Information Security? What Security? Forget Prevention, says Venture Capitalist Ted Schlein, Focus on Limiting Damage

Information Security? What Security?

Forget Prevention, says Venture Capitalist Ted Schlein, Focus on Limiting Damage

Feb. 10, 2014 4:47 p.m. ET

Venture capitalist Ted Schlein from Kleiner Perkins Caufield & Byers discusses the effects of crowd funding and angel investors on venture capitalism. He talks at The Wall Street Journal‘s CIO Network conference in San Diego.

Investors may not always like what they hear from venture capitalist Ted Schlein. For example, the general partner at Kleiner Perkins Caufield & Byers says companies are fooling themselves if they think they can keep hackers out of their networks.

He and Scott Thurm, Wall Street Journalsenior deputy technology editor, discussed Web security and other topics. Edited excerpts follow.

Taming Big Data

MR. THURM: The entrepreneurs you’re seeing who are interested in the enterprise space, what are they bringing to you these days?

MR. SCHLEIN: I’d say there are four big areas going on in enterprise software right now.

Everybody loves to talk about big data this, big data that. I don’t think big data is all that interesting. I think important data is very interesting. How do you take the fact that 90% of the data created in the world today is completely unstructured, that we can gather gobs and gobs of it, more so than we’ve ever been able to do before. We’ve built layers of infrastructure to handle it. But how would we make it pertinent to you, to you, to you, to you, to do your job? And that’s going to spawn a whole new set of apps.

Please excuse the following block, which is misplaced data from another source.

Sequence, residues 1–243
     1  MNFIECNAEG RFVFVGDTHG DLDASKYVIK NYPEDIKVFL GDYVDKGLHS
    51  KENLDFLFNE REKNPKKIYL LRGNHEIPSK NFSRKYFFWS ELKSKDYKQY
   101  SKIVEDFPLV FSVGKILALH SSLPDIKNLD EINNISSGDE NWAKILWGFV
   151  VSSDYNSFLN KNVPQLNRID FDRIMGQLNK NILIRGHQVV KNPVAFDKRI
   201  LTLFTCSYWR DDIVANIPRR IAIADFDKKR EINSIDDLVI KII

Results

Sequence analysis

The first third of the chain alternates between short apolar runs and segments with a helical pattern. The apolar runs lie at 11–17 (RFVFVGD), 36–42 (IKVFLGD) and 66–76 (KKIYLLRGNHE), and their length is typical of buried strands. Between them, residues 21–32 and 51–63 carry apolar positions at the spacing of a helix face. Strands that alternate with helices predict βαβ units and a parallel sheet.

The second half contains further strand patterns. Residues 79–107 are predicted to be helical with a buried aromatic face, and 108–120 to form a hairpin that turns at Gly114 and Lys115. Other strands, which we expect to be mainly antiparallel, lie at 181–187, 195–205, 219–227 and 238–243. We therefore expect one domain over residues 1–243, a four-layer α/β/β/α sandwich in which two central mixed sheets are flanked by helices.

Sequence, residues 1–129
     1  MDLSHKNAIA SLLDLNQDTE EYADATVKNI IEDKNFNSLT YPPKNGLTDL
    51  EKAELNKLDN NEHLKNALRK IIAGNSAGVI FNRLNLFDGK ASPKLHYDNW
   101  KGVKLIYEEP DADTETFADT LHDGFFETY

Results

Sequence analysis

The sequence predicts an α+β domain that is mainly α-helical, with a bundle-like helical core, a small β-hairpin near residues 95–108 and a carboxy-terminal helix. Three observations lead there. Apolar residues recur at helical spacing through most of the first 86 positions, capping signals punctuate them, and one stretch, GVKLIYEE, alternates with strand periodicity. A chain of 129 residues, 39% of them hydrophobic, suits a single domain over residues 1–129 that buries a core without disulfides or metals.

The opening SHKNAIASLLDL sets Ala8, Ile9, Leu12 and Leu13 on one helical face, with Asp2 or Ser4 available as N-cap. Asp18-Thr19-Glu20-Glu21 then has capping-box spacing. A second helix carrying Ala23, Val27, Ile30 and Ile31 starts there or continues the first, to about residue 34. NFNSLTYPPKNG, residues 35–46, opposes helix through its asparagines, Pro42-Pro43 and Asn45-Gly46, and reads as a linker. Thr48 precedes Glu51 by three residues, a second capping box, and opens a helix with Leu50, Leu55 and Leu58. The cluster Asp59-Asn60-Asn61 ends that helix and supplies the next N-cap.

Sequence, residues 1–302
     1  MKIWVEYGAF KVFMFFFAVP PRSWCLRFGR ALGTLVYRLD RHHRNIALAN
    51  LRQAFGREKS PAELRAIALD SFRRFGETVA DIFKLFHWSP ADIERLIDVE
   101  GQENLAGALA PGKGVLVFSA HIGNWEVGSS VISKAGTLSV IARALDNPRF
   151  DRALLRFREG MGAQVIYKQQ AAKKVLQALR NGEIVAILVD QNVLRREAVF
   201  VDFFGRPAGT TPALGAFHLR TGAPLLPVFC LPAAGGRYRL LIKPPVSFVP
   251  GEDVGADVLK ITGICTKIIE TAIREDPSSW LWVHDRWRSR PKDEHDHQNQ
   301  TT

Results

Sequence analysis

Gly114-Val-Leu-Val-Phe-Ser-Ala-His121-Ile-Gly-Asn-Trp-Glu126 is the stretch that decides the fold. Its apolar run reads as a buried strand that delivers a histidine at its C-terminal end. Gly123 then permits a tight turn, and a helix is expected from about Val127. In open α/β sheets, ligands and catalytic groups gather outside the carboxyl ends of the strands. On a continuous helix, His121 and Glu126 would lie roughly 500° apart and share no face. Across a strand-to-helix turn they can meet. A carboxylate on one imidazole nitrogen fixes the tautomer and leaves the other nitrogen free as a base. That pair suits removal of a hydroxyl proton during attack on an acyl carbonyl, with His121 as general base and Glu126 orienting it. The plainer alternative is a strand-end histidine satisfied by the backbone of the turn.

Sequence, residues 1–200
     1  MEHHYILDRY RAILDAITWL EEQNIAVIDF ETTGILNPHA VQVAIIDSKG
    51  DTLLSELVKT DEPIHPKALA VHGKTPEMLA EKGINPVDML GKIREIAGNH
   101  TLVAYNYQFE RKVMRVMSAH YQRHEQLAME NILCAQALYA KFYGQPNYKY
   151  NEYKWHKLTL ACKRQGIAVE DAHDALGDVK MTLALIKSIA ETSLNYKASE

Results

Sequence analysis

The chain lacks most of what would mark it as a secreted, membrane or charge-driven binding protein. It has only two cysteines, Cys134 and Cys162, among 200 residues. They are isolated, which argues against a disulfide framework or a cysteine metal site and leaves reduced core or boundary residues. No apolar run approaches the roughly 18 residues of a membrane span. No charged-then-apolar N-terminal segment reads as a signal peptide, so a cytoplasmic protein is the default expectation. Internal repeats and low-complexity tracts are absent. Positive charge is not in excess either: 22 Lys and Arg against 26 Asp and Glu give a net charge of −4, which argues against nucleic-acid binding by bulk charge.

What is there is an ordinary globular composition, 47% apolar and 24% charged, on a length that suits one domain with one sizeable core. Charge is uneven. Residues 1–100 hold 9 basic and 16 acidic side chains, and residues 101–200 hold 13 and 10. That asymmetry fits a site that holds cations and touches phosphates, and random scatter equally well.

Another area being worked on a lot is the re-architecture of pretty much all your work flows. The mundane tasks going on in your organizations today are being redone, and that’s going to be done in this brand new SaaS architecture. [Software as a service is industry shorthand for corporate software delivered from shared computers over the Internet, rather than on a company’s own computers.]

That, by the way, is being enabled by the third main area, which is the re-architecture of your data centers. And this is my way of saying the cloud, I suppose. It will be the virtualization and re-architecture of your data centers so you can modernize them, i.e., make them more flexible, more cost-efficient, turn them into your own clouds.

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Then finally, kind of my pet project, which is to make your organization safe, and new technologies in the world of security. We’re seeing innovation for those areas at a very rapid scale, quite honestly, faster than I’ve seen it in my previous 17 years.

MR. THURM: Can you foresee a time where we think we have secure online enterprises?

MR. SCHLEIN: I don’t think it’s a battle you necessarily win. It’s one you try and just get to a draw on. Your best days are when the bad guys go elsewhere.

MR. THURM: So every big retailer but Target succeeded over Christmas because the hackers got Target?

MR. SCHLEIN: No, no. Look, I’m a firm believer there are only two kinds of companies—those that have been breached and know it, and those that have been breached and don’t know it. Most of what we do in security is around prevention, prevention, prevention. Great. Just know it won’t work. Know that they’re going to get in. You ought to be thinking, “Hey, I want to find out where they are as fast as humanly possible, contain it and remediate it.”

MR. THURM: What do you think of valuations in the Valley now?